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(inside) interior design review(inside) interior design review

(inside) interior design review No. 100 (Mar/Apr)

The premier professional journal for today's interior architects and designers in Australia, presenting the latest in cutting-edge interior projects and insightful discussions addressing the industry's most relevant topics to date. For the sophisticated and innovative designer, (inside) chronicles the ongoing conversation of design, both globally and locally, and the creative prowess that drives it forward. Our continued support of the Australian design industry through IDEA (Interior Design Excellence Awards) and its annual programme nurtures both young and established designers, boasting their work locally and overseas.

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Welcome to the first issue of inside for 2018 and what an issue we have for your reading pleasure. Not only are there some of the most beautiful, unusual and creative projects to peruse, but also interesting and diverse reviews, profiles and interviews. However, more than the usual inclusions, this issue is special as it marks the 100th issue of inside. Since inception, some 22 years ago, inside has been a critical element of the design and architecture community in Australia, highlighting and supporting new talent and showcasing the best that Australian practitioners have to offer. We have seen the Australian aesthetic, design that is intrinsic to our culture, become a force to be reckoned with on the world stage and, somewhat immodestly, we like to think that inside has played,…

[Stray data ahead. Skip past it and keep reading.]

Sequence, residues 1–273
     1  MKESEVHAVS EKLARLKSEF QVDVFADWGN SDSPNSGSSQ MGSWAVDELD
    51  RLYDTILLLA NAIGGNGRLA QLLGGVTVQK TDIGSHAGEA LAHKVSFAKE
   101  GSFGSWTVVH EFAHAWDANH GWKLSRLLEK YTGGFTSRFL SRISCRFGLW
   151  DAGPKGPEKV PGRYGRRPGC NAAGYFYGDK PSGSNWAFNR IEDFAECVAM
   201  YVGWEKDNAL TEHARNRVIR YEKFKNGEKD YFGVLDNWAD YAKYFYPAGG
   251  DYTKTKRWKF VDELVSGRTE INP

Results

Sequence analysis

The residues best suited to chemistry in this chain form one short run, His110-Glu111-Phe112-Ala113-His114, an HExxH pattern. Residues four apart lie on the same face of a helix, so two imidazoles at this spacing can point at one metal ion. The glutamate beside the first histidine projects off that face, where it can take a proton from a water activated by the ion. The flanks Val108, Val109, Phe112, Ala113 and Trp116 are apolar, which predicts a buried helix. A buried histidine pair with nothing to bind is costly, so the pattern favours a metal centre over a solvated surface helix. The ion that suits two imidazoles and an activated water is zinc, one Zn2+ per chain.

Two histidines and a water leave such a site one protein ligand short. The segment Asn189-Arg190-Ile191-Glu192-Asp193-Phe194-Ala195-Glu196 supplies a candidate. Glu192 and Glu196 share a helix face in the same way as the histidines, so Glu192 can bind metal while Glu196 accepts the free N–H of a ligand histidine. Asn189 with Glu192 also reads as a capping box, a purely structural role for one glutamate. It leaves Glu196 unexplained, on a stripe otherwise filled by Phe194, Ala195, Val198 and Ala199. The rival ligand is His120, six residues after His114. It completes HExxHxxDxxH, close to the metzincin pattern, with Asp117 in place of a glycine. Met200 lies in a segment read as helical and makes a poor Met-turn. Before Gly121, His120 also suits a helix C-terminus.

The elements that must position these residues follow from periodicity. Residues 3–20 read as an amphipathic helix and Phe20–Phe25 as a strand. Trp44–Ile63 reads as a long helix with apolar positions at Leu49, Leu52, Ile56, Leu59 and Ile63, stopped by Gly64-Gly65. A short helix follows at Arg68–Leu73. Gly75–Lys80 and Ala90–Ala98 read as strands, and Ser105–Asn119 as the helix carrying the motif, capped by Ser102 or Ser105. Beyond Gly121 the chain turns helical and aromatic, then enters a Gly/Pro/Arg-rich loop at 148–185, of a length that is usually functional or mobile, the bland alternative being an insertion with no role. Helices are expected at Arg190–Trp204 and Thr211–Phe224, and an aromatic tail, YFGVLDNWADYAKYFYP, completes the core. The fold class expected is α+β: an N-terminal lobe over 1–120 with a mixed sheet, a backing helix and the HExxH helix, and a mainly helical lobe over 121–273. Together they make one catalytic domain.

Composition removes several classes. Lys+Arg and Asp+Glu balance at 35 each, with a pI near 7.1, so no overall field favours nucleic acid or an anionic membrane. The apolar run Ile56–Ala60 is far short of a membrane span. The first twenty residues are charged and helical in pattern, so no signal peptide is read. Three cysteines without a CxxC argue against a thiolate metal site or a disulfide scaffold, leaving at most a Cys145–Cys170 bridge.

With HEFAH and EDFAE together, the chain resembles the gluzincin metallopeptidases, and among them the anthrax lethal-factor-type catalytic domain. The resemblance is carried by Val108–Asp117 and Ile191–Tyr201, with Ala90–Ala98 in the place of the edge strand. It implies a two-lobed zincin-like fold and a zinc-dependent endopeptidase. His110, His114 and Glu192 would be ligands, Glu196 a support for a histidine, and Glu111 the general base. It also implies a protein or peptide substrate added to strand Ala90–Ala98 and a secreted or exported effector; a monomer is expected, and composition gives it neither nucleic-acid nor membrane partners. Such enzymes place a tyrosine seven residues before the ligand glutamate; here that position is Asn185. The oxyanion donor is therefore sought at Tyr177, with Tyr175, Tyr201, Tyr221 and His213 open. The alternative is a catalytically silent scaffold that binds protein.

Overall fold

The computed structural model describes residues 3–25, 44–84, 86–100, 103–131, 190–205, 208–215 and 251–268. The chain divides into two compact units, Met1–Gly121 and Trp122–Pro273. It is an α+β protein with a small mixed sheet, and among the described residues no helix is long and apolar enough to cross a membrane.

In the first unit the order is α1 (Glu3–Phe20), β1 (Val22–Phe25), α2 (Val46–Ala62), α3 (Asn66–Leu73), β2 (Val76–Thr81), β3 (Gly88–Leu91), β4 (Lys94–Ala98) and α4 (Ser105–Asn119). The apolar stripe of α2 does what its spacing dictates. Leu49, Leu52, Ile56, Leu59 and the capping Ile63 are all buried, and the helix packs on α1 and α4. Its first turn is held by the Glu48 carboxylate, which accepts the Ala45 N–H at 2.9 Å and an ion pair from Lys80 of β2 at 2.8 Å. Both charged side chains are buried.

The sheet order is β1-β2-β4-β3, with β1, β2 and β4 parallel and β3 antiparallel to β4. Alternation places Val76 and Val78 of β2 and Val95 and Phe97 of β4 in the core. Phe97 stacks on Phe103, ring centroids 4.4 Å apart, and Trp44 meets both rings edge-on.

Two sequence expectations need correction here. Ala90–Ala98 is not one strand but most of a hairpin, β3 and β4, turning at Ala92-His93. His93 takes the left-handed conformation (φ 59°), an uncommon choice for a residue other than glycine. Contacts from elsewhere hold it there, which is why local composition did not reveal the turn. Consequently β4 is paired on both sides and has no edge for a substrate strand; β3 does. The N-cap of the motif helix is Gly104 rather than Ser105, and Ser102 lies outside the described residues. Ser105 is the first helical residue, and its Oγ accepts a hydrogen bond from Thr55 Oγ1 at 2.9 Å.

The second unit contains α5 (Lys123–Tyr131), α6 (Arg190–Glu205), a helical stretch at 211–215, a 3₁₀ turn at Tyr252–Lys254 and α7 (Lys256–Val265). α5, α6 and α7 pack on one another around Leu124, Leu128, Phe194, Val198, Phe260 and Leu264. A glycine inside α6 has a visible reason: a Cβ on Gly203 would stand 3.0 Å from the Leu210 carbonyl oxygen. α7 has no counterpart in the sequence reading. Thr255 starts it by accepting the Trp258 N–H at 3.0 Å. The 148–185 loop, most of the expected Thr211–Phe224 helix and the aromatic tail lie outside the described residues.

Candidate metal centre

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1– Dianna Snape With a passion for the built environment, Dianna Snape has been documenting Melbourne’s urban landscape for over 15 years through her exemplar photographic practice. She works closely with architects, interior designers, landscape architects and property developers to establish a visual dialogue that records and promotes their buildings, interiors and vision. 2– Suzie Attiwill Suzie Attiwill is associate dean, Interior Design in the School of Architecture and Urban Design, RMIT University. Since 1991, her practice has involved exhibition design, curatorial work, writing and teaching. Projects pose questions of interior and interiority in relation to contemporary conditions of living, inhabitation, subjectivity, pedagogy and praxis. 3– Shannon McGrath Shannon McGrath is a highly respected architectural and interiors photographer with images appearing in many books, journals and magazines nationally and internationally over many years. A graduate…

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idea wrap-up